Techdirt: The Google Fiber Honeymoon Period Appears To Be Over. “When Google Fiber first arrived back in 2010, it was heralded as a gamechanger for the broadband industry. Google Fiber would, we believed, revolutionize the industry by taking Silicon Valley money and using it to disrupt the viciously uncompetitive and anti-competitive telecom sector. Initially things worked out well; with the mere mention of a looming Google Fiber target market resulting in a much-needed conversation about why the United States consistently languishes in mediocrity when it comes to our broadband networks (pro tip: it’s because AT&T, Verizon and Comcast all but own state and federal lawmakers). Seven years later, however, and the Google Fiber bloom appears to be off the rose.”

Los Angeles Times: Alphabet, Google’s parent company, reportedly in talks to invest $1 billion in Lyft. “Google’s parent company, Alphabet, is in talks to invest $1 billion in Lyft, according to reports from Bloomberg and Axios, which cite sources with knowledge of the matter.”

Inc: This is Why Facebook Engagement is Falling for Brands and Publishers. “Businesses have relied on Facebook as a vehicle for customer engagement for years. The social media outlet entered the world like a majestic unicorn, helping brands and publishers rocket into stardom thanks to how easy it is to reach out to others using the site. But, recent numbers show that this beautiful, shining creature isn’t as magical as it once when it comes to engagement. In fact, the average number of engagements fell from 340 to 264 in just the first six months of 2017.”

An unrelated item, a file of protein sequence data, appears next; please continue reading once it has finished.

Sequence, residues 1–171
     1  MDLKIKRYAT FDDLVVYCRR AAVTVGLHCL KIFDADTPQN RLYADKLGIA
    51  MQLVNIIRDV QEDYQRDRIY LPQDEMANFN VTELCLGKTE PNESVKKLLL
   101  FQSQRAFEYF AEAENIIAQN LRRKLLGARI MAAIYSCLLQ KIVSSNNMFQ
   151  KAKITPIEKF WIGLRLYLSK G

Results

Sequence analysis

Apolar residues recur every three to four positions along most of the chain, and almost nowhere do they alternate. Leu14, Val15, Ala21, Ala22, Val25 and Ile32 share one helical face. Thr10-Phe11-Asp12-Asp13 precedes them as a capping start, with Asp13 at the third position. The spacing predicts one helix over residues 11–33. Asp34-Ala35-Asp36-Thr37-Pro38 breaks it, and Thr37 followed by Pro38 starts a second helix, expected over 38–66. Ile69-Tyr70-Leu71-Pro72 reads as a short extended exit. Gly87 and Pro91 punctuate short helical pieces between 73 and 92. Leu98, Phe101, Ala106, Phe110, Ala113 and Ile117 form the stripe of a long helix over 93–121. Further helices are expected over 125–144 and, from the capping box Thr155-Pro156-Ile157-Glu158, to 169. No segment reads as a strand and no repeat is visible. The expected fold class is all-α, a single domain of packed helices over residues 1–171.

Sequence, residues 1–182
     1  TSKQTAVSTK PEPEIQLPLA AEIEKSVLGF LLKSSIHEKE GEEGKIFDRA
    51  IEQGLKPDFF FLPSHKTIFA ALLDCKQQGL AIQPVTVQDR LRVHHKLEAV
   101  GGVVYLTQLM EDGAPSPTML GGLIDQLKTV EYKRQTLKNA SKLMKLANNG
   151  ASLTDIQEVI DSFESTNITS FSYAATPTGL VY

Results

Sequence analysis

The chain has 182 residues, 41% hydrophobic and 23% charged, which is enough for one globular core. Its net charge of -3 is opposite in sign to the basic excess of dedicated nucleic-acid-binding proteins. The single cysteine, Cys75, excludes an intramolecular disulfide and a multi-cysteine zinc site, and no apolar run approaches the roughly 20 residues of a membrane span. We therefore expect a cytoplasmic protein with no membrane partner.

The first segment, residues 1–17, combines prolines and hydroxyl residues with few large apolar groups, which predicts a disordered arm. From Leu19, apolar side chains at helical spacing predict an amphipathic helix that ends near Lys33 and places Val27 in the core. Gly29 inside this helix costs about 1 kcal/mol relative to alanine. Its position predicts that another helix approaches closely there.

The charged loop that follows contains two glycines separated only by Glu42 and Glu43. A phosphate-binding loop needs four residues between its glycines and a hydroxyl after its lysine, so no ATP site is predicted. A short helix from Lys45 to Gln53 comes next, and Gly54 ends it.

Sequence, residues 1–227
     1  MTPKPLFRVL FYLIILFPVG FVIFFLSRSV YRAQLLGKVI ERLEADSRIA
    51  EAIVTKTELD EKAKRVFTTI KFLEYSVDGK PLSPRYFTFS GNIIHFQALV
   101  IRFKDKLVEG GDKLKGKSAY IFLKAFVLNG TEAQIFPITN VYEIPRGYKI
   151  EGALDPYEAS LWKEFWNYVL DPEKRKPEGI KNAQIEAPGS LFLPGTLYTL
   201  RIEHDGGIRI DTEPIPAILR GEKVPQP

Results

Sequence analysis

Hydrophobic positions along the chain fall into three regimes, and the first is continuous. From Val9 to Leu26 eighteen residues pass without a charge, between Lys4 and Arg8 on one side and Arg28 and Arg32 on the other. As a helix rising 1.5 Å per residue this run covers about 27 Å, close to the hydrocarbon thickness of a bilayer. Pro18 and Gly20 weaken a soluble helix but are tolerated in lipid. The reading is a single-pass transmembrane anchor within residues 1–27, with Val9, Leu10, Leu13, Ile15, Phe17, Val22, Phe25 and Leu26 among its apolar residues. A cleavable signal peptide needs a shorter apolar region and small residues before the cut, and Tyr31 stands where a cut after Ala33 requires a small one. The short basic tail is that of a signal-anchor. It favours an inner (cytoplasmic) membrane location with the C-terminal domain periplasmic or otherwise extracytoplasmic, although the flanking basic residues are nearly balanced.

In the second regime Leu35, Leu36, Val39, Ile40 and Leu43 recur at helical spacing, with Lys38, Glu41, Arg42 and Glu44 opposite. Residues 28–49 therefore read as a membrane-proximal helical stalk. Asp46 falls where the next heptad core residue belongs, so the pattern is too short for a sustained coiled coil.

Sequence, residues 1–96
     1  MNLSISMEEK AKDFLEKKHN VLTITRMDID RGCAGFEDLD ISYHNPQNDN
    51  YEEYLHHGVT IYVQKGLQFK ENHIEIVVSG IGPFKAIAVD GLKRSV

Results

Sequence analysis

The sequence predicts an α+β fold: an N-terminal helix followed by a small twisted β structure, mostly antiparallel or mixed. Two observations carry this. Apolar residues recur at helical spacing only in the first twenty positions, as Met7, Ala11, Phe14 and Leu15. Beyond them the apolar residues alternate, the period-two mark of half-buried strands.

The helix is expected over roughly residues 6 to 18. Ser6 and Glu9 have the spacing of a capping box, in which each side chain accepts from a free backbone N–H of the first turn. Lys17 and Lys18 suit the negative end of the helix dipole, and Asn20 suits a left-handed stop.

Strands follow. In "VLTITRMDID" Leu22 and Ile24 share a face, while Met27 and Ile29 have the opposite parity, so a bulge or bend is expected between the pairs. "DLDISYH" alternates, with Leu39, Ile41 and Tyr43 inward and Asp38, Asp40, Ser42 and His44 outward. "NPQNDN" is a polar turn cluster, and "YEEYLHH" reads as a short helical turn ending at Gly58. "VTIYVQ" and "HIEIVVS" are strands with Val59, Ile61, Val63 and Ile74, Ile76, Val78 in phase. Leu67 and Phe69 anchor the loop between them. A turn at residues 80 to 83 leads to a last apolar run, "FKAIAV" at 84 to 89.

SECURITY & LEGAL

The Register: UK attorney general plans crackdown on ‘trial by social media’. “The UK’s Attorney General is pondering whether to tighten up contempt of court laws and target Facebook and Twitter users who comment about live criminal trials. In a call for evidence made this morning, Jeremy Wright, QC, MP, asked for examples of court cases ‘in which social media has had an impact’ to be forwarded to the Attorney General’s Office.”

BetaNews: Hurricanes lead to drop in malware infections. “An interesting side effect of the recent hurricanes Harvey and Irma is that malware infections in the Florida and Texas areas have seen a dramatic fall. Data released by Enigma Software Group, makers of the SpyHunter anti-malware software, shows that infections in the Houston area showed a 52.5 percent drop from the average on August 29th.”

OTHER THINGS I THINK ARE COOL

Penn State Daily Collegian: Here’s how Penn State professor Mark Ballora transforms data sets to instrumental music. “Many people use data sets to form a line on a graph. But Mark Ballora, a professor of music technology, maps data to auditory characteristics — such as pitches and loudness — and creates music in the process. This technique, which is called ‘sonification,’ is Ballora’s specialty. He’s used it on a variety of natural phenomena such as the aurora borealis and tropical storms.” Good morning, Internet…